A 1924 law gives Congress the power to scrutinize the federal income tax returns of any taxpayer. Democrats in Congress have proposed numerous motions to examine Donald Trump’s returns, given his numerous conflicts of interest. The Republican majority has quashed every attempt. If Democrats win control of either chamber of Congress, they will get a chance to examine the president’s income tax returns.
Not so fast, says Newt Gingrich. In an interview with Karen Tumulty, the former House Speaker and energetic Trump defender insists Trump has nothing to fear from congressional oversight in general. Asked about the tax returns, Gingrich casually batted down the possibility: “Then they’ll be trapped into appealing to the Supreme Court. And we’ll see whether or not the Kavanaugh fight was worth it.”
It is worth noting that the law enabling Congress to scrutinize Trump’s tax returns is totally clear. It enables Congress to look at the returns of any taxpayer. It has been previously used without challenge to look at conflicts of interest for a Treasury secretary (Andrew Mellon) and a president (Richard Nixon.) I have read several stories referencing this law, and none of them has found a law professor, or anybody at all, who has challenged either its general Constitutionality or its specific application to Trump. The conservative legal movement has not developed any theory that would lay the groundwork to support Trump if he fights this.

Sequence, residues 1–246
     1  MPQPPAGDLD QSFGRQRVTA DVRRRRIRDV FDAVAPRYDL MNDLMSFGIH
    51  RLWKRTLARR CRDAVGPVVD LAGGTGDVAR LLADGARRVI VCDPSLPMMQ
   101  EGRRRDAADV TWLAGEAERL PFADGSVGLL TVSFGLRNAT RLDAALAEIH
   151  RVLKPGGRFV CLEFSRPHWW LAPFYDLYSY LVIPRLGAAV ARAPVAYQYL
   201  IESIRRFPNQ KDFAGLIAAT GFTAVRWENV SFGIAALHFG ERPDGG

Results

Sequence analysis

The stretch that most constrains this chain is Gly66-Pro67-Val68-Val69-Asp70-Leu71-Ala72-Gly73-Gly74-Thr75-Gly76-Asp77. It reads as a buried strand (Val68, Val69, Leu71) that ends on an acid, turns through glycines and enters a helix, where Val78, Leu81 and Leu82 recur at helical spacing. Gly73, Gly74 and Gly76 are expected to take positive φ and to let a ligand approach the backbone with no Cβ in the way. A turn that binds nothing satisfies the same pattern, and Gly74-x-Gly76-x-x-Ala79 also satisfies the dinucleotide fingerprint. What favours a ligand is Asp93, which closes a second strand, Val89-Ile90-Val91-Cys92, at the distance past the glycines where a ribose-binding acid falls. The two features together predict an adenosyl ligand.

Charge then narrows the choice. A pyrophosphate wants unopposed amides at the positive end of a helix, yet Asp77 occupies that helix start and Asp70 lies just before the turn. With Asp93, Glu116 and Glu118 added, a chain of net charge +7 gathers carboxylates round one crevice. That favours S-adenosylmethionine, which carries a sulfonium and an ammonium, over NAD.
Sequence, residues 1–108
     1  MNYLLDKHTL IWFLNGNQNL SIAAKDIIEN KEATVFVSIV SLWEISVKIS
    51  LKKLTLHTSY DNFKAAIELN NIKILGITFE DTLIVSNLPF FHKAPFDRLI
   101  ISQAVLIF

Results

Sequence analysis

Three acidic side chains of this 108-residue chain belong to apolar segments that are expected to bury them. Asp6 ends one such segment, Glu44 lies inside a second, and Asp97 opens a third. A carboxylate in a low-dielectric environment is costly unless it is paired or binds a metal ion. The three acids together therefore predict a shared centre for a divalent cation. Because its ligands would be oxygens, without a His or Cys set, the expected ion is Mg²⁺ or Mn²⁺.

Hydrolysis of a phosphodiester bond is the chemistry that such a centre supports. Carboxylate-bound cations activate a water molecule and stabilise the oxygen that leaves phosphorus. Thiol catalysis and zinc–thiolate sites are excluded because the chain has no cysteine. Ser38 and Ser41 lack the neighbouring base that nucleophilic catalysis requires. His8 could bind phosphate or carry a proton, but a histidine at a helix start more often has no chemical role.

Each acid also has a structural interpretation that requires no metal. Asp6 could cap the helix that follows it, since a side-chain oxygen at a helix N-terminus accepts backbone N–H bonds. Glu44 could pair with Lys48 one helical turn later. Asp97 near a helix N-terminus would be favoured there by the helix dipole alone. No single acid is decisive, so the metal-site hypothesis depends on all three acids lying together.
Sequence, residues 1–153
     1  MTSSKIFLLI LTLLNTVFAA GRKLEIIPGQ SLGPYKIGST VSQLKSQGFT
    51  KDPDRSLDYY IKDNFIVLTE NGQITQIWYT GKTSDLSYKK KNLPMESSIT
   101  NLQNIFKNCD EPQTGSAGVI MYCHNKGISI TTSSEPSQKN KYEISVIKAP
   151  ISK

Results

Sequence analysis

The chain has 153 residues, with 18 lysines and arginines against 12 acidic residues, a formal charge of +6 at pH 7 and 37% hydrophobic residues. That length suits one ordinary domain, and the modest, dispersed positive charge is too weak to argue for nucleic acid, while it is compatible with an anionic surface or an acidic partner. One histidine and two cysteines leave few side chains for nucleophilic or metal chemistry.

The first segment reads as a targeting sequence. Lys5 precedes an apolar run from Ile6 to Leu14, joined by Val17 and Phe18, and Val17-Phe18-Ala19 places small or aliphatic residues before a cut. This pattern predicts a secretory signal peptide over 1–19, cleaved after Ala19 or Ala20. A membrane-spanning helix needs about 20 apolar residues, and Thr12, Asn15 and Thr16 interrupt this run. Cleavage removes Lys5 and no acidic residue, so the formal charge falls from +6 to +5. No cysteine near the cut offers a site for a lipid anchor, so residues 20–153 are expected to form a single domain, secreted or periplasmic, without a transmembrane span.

If the Court did block Trump’s tax returns, it would not reflect “originalism” or any right-wing ideological theory of law, but would instead be a pure exercise in judicial partisanship. Of course, that has happened before when the stakes were high, in Bush v. Gore. It seems unlikely that all five Republican-appointed justices would perceive the stakes in this issue as being so high that they would risk their esteem in the legal community to invent out of thin air a defense of Trump. Only a massive cynic would expect them to act in such a grossly and nakedly partisan way.
What’s telling is that this is exactly what Gingrich thinks the justices would do.